The election commission (EC) differs with the Centre’s view that introduction of electoral bonds will curb illegal money in political funding. Finance minister Arun Jaitley announced the proposal to introduce donations through electoral bonds in his budget speech on February 1.
The poll panel, which is set to share its misgivings about the bonds with the government, has objections to the amendment to the Finance Bill that bars disclosing details of donors and inclusion of contribution from bonds in income-tax returns.
The panel is not happy with the changes in the Representation of People’s Act which allow political parties not to show collections from the bonds in their contribution reports filed with the EC, sources said.
“If it is not part of the contribution report, it will not be part of the report the EC gives to the income-tax department, the corporate affairs ministry or the ministry of home affairs. It will not be made public anywhere, so how will there be transparency?” a source said.
Under section 29 (c) of the Act, political parties had to file contribution reports, complete with the names of donors and their addresses, for amounts above Rs 20,000 from a single person or company. The commission has also expressed concern over the non-implementation of lowering the cash donation component from Rs20,000 to Rs2,000 as was suggested by it.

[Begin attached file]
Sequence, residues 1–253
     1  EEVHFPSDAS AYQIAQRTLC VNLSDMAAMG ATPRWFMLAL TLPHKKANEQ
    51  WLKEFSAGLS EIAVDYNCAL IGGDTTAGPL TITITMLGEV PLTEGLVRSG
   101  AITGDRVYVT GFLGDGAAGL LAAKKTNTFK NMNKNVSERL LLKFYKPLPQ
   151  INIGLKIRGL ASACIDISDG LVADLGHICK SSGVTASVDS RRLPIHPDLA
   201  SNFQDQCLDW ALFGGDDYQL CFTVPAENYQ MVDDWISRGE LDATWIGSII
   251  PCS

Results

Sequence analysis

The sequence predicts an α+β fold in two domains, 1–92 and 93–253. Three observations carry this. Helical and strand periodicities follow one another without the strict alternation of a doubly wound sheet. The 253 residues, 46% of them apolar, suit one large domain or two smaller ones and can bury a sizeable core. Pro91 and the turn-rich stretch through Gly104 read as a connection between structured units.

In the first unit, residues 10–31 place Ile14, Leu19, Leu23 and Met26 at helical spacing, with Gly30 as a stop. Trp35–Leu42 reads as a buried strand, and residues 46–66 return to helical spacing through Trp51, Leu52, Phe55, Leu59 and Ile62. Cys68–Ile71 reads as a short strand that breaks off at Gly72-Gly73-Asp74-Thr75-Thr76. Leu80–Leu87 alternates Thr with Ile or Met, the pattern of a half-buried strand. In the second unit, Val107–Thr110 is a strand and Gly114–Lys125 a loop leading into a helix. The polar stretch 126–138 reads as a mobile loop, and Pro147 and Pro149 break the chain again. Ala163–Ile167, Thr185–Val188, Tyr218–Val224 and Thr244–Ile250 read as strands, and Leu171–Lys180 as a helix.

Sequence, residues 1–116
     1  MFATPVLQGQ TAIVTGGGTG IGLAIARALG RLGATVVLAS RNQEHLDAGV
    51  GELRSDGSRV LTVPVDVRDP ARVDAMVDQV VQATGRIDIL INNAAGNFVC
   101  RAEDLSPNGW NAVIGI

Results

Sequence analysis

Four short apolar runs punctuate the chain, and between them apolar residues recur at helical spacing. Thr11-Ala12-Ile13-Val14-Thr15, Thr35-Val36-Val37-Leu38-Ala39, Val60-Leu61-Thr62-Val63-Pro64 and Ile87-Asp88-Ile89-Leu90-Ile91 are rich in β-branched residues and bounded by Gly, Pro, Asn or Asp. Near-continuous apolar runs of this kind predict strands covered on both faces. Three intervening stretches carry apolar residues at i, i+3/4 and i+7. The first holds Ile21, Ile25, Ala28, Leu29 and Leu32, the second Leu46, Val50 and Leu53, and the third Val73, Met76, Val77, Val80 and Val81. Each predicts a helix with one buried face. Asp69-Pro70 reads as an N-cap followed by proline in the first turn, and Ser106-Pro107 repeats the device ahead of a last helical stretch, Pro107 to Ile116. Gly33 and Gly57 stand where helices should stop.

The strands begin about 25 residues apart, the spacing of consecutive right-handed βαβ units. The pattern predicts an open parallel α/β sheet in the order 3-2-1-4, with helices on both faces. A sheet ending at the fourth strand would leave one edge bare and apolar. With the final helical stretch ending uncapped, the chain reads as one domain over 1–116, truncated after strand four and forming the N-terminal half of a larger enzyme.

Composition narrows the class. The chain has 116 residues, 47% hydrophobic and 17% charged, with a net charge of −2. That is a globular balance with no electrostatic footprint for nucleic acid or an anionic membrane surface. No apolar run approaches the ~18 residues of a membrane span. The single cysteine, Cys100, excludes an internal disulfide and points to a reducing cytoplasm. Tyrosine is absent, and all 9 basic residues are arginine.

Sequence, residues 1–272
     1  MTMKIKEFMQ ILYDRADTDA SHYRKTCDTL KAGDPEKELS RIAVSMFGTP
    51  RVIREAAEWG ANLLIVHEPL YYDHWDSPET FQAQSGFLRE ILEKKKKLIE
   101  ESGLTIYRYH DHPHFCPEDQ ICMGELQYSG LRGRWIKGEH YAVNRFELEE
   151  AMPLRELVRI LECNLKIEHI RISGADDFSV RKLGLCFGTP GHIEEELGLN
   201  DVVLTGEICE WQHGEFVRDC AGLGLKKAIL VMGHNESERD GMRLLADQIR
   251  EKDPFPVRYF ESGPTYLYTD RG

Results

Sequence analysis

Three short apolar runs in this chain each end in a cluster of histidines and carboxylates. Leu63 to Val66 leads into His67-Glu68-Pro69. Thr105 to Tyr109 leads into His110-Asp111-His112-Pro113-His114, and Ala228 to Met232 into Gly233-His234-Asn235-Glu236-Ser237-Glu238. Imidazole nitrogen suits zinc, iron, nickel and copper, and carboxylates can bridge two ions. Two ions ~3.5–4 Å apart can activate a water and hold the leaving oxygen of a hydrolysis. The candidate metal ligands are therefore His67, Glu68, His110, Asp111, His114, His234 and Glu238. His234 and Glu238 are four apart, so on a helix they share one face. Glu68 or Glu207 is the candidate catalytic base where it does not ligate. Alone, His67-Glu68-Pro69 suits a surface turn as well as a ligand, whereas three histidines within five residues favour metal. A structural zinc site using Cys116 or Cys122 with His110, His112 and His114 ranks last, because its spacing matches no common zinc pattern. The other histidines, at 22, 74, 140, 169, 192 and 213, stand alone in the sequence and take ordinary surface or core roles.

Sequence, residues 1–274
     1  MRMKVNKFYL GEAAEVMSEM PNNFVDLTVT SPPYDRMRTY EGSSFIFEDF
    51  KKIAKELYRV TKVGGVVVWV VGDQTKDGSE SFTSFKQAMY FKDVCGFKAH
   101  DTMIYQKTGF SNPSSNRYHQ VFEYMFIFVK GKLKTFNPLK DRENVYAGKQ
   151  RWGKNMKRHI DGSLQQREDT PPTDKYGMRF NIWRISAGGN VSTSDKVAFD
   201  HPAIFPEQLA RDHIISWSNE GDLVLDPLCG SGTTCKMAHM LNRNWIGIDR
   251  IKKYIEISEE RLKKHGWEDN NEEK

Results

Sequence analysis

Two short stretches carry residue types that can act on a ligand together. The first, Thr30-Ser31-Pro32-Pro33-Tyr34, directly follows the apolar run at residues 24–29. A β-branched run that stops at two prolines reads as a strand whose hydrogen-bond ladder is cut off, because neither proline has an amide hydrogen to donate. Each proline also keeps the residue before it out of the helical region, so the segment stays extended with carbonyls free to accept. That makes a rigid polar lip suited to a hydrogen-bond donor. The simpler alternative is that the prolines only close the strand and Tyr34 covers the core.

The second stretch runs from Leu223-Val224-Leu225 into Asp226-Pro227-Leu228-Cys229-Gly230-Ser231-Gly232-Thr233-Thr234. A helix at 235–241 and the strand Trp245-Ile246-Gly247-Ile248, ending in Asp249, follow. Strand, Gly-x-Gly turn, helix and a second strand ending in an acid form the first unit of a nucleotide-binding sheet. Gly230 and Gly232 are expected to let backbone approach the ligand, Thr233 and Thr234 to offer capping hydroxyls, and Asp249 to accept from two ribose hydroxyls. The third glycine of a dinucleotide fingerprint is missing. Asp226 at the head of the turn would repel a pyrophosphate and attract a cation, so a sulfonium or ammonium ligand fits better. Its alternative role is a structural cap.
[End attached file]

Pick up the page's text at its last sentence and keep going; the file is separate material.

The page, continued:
“The announcement was made, but there is no formal announcement to the EC on this,” the source told HT. The commission has suggested limiting the tax exemption to contributions under Rs 20 crore or 20% of the total collection, whichever is lesser. Anything over Rs 20 crore will be taxed.
The poll panel is also circumspect about the amendment to section 13 (a) of the I-T Act that deals with the income of political parties and makes it mandatory for donations above Rs 2,000 to be made only through account-payee cheques or drafts or real-time gross settlement systems (RTGS, where money transfer takes place from one bank to another on a real-time basis).
“Again, payment through these modes will remain a secret between the donor and the bank. There is no way of knowing the details. Political parties are not even covered by the Right to Information Act,” the source explained.
But the poll panel feels the biggest blow to measures for ensuring transparency is the amendment to the Companies Act 2013 that removed the cap on corporate contributions to political parties. “The removal of the cap of 7.5% on the contribution means corporate houses will now be able to donate unlimited sums. Worse, this will not be shown in their books,” the source said.
Earlier, all companies were required to declare contributions to political entities in their profit and loss statements; they had to give details of the amount contributed and the name of the party.
The commission fears this amendment will increase the probability of shell companies coming up for channeling donations to political parties.